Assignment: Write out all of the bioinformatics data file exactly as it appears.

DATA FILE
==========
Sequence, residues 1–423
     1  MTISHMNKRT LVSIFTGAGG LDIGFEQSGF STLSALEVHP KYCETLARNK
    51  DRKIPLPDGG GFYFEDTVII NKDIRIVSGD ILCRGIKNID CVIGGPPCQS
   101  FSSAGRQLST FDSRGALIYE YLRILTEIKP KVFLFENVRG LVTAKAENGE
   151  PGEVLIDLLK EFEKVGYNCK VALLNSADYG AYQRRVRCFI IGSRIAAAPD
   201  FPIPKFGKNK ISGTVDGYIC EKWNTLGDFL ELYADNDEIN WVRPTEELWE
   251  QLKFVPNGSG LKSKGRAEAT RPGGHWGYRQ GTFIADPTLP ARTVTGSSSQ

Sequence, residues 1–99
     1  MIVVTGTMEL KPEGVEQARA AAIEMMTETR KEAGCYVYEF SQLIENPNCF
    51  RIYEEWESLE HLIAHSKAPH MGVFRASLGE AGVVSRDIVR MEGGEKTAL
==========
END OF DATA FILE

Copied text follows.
Sequence, residues 1–423
     1  MTISHMNKRT LVSIFTGAGG LDIGFEQSGF STLSALEVHP KYCETLARNK
    51  DRKIPLPDGG GFYFEDTVII NKDIRIVSGD ILCRGIKNID CVIGGPPCQS
   101  FSSAGRQLST FDSRGALIYE YLRILTEIKP KVFLFENVRG LVTAKAENGE
   151  PGEVLIDLLK EFEKVGYNCK VALLNSADYG AYQRRVRCFI IGSRIAAAPD
   201  FPIPKFGKNK ISGTVDGYIC EKWNTLGDFL ELYADNDEIN WVRPTEELWE
   251  QLKFVPNGSG LKSKGRAEAT RPGGHWGYRQ GTFIADPTLP ARTVTGSSSQ

Sequence, residues 1–99
     1  MIVVTGTMEL KPEGVEQARA AAIEMMTETR KEAGCYVYEF SQLIENPNCF
    51  RIYEEWESLE HLIAHSKAPH MGVFRASLGE AGVVSRDIVR MEGGEKTAL